I hope you love the products and resources I recommend here at Foundational. It is possible that I get a commission and collect income from the links on this page. Click here for more info.
On June 2015, I wrote a blog entitled, Does God Ever Say “Maybe” to Homosexuality Among Christians?
I was expressing concern over the softening position of major Evangelical leaders regarding same-sex marriages. It seems since then to have become a widening horizon.
Any position that would emphasize holiness and purity of life is likely met with harsh judgment, accusations of being unloving, and one with a diminished capacity for grace.
There will be theologians and spiritual leaders rise to dogmatically defend the oft-used statement, “We are not perfect, just forgiven.”
They continue by explaining that Jesus forgives our sin and understands our frailty.
We spend a lifetime, after all, struggling with sinful desires, human failings, and we often give in to temptations.
Modern day theologians, Bible scholars, and preachers have mastered the art of weaving a softened positioned of grace that no longer requires holiness of the born again child of God.
Should one dare take a firm position that holiness is expected and even required in Scripture, they must be prepared to receive a barrage of arrows and javelins with razor sharp words of “legalism,” “graceless,” “hater of sinners.”
Even worse, you might be considered “homophobic.”
After all, they will steadfastly contend, we are not made perfect until our glorification when Jesus returns.
A recent article in Christianity Today spotlighted this issue. Rachel Gilson wrote an article contending Scripture does not command one be heterosexual.
She claims a walk with Christ in the power of the Spirit but steadfastly holds Jesus Christ has not made her “straight” because, by her own words, that has never truly happened in her life.
How does this match with Scripture?
3 Powerful Ways a Christian Can Live a Holy Life
Does God understand our propensity to sinful weakness and therefore give us pass for areas of sinful behavior or does He expect holiness in living?
Does God prefer we live godly lives in purity but understand our weakness to addiction and passion?
Does He prefer His children live in heterosexual relationships but realizes some are born with an attraction to same-sex relationships?
The final answer is not to be found in contemporary psychiatry, social engineering, or in contemporary theological treatise.
Let’s go directly to the Word of God.
What was Jesus saying when He declared to the crowd gathered around Him on the hillside outside of Capernaum?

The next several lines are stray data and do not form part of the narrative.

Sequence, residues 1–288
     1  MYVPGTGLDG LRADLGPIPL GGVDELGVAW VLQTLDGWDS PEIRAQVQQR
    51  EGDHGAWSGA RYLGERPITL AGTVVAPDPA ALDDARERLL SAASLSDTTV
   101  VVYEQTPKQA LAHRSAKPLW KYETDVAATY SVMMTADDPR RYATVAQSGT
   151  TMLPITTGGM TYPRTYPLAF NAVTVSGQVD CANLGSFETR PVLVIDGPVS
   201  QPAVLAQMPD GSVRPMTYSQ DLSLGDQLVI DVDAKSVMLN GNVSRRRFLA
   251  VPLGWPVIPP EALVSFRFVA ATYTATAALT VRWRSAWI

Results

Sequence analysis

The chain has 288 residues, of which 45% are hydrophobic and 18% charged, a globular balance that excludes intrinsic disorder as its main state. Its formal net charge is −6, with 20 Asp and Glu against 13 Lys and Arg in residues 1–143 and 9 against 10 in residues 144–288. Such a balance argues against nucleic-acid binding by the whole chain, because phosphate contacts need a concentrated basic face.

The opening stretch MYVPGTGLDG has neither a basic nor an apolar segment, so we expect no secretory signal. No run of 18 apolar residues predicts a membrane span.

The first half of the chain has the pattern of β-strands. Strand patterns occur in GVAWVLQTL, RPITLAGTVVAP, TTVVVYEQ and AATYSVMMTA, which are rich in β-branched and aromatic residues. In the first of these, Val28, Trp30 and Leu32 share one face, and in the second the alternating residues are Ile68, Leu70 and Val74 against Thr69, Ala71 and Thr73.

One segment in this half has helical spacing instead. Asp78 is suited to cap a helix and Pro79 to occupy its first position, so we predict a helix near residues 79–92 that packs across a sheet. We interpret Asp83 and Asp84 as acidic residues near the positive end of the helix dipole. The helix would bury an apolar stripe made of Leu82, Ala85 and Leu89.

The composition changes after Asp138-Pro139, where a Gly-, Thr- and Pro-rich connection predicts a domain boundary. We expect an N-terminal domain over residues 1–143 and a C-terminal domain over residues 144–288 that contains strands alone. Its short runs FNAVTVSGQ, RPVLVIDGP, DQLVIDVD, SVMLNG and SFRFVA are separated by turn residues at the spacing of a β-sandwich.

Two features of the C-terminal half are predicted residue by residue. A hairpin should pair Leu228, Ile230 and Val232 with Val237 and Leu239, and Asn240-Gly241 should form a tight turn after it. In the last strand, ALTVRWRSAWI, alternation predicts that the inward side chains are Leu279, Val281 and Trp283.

“Therefore, you shall be perfect, just as your Father in Heaven is perfect” (Matthew 5:48).
The context is established in these words:
“You have heard that it was said to those of old… but I say to you…” (Matthew 5:21-22, 27-28, 31-34, 38-39, 43-44).
Jesus Christ is defining the significant difference between the godliness of the Law of Moses and the godliness of the law of the Spirit.
Grace is not establishing an easier standard but a higher standard of behavior.
Grace is not godliness and holiness derived from outward actions but from the “law of the Spirit of life in Christ Jesus” that come from the inside out.
The Apostle Peter reiterated the words and message of Jesus in his first epistle, declaring that grace to does not give to us a liberty to remain in our sinful behavior or excuse or carnal weaknesses.
Rather he declares grace expects obedience and grace will provide the resource for faithful obedience.
“Therefore gird up the loins of your mind, be sober, and rest your hope fully upon the grace that is to be brought to you at the revelation of Jesus Christ; as obedient children, not conforming yourselves to the former lusts, as in your ignorance; but as He who called you is holy, you also be holy in all your conduct, because it is written, “Be holy, for I am holy” (1 Peter 1:13-16).
The Apostle Paul wrote to the believers in Thessolonica:
“Finally then, brethren, we urge and exhort in the Lord Jesus that you should abound more and more, just as you received from us how you ought to walk and to please God; for you know what commandments we gave you through the Lord Jesus. For this is the will of God, your sanctification: that you should abstain from sexual immorality; that each of you should know how to possess his own vessel in sanctification and honor, not in passion of lust, like the Gentiles who do not know God; that no one should take advantage of and defraud his brother in this matter, because the Lord is the avenger of all such, as we also forewarned you and testified. For God did not call us to uncleanness, but in holiness. Therefore he who rejects this does not reject man, but God, who has also given us His Holy Spirit” (1 Thessalonians 4:1-8).